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Girls (who run the world)

Girls (who run the world)

Not too long ago, the Tribe Scribe told the story of a very brave 14-year-old Pakistani girl, Malala Yousufzai in the Let's Hear it for the Gals post. Simply put, Malala is our hero. Her mission is a mission we support with every ounce of our being. And I know it's silly, but when I was thinking about Malala and her beautiful passion for her mission, Beyonce's empowering 'Girls (who run the world)' started playing in my mind (hence the article title).

If you are not aware of Malala's passion and powerful voice, here's a bit of background...Malala started speaking out when she was just 11, after the Taliban took control of the Swat Valley in Pakistan and started closing girls' schools. Malala wanted something that we sometimes take for granted - she wanted an education. Is that too much to ask for? She dreamt of being a doctor. Tragedy hit and this dream was almost cut short a couple of weeks ago, though, when Malala was shot by the Taliban.

Sadly, Malala's struggle to access education is a problem that is far too common around the globe. Malala, though, is a symbol of courage for young women around the world - both those who have access to education and those who do not. Malala is a symbol of courage for me too. As I sit here and think more deeply about what she has been subjected to, tears well up in my eyes. If there is a silver lining in this at all, I guess it would be that Malala's struggle and hardship has opened the world's eyes on a much larger social issue. I strongly believe this is a great opportunity to start the discussion in our own classrooms in the western world about what is happening beyond our borders. It's a call to action to make a difference and stand up for something bigger. And her strength gives me hope. Her strength and perseverance through recovery is a true testament to the struggles she endures daily. She is one brave chick.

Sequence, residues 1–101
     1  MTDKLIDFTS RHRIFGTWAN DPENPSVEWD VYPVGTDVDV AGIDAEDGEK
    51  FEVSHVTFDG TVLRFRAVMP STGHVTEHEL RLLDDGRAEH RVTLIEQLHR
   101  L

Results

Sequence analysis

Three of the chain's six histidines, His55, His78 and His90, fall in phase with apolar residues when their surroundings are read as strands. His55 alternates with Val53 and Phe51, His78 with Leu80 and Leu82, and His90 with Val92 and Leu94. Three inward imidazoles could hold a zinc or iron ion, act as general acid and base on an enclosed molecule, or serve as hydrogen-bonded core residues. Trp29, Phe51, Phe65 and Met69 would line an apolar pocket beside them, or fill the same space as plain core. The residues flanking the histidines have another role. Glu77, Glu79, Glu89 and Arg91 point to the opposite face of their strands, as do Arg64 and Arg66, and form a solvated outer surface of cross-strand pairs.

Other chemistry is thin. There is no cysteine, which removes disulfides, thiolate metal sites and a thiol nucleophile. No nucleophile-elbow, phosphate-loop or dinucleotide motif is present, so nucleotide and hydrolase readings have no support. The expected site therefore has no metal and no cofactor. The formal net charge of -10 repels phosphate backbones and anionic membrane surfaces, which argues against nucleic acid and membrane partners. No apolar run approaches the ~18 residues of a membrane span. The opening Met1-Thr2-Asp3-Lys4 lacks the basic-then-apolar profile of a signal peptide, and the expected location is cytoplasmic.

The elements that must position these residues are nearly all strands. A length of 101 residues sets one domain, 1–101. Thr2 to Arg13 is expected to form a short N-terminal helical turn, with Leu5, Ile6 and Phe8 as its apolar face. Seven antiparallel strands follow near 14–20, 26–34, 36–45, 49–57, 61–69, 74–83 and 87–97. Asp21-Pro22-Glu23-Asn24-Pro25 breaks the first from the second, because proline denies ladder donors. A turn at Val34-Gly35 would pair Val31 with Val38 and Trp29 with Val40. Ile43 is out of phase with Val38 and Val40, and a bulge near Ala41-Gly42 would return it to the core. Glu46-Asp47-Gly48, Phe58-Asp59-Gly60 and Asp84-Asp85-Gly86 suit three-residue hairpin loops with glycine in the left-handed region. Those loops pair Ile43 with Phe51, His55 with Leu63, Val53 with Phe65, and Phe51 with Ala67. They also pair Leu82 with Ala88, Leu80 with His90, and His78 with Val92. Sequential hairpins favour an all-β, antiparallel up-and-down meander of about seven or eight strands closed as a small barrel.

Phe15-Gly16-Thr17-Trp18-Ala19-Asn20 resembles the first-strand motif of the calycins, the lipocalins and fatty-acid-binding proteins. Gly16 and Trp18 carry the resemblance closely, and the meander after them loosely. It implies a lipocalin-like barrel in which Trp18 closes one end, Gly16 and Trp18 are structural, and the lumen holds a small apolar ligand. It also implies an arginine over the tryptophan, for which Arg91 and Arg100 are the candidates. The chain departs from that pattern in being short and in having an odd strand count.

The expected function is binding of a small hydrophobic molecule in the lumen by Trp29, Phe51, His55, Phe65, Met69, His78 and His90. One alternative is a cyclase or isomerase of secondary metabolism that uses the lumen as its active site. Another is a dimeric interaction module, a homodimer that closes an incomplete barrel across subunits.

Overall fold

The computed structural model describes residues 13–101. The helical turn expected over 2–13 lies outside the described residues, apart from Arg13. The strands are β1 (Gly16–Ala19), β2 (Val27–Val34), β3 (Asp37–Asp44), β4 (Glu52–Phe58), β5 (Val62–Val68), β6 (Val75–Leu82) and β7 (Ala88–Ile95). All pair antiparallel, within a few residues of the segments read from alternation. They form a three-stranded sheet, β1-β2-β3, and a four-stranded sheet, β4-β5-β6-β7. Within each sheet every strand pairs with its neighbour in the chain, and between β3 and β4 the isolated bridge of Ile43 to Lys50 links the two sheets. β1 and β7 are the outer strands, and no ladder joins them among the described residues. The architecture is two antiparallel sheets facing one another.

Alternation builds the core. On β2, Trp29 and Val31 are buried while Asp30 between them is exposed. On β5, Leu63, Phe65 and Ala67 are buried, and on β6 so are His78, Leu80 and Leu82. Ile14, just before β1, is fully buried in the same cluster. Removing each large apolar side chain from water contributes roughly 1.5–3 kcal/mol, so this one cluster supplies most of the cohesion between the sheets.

As Malala recovers and we track her progress, we have spent time both reflecting on this larger social issue as well as sending as many positive vibes we could muster up her way. We also recently came across the Malala Yousufzai Family Fund on Indiegogo. As the page states, they are a "family fund supporting Malala Yousufzai's recovery and her broader cause: Girls' education in Pakistan. We're a group with personal and public ties to Malala." We encourage you to take some time today to learn more, and if you feel inclined, to contribute to the cause on Indiegogo. With 70 days left in their campaign, The Malala Yousufzai Family Fund has raised a whopping $46,605 of their $100,000 goal. Incredible.

Here is some more information about the mission and purpose of the campaign:

MISSION STATEMENT:  Malala and/or her father, Ziauddin, will receive the entirety of this fund for future healthcare and education costs for the family, and/or for them to allocate any portion of the fund to other non-profit organizations of their choice that support the cause Malala risked her life for: girls education in Pakistan. They could also deposit the funds in any initiative that they launch in the future in her name.

PURPOSE: We've known Malala for years, and we adore her. But we fear that the world's attention to her story may fade over time. So the purpose of this fund is to leverage support for the family during this urgent time while the world is captivated by her story. We fear that if her story fades over time, the family could be left, years or decades later, with a strained future.

Check out this 2009 documentary by Adam B. Ellick profiling Malala I watch this I am filled with positivity that this world has been blessed with such an incredible young women, but my heart also aches deeply as she sheds tears in this documentary.

Stand up for girls' education with us, 

Tribe Scribe

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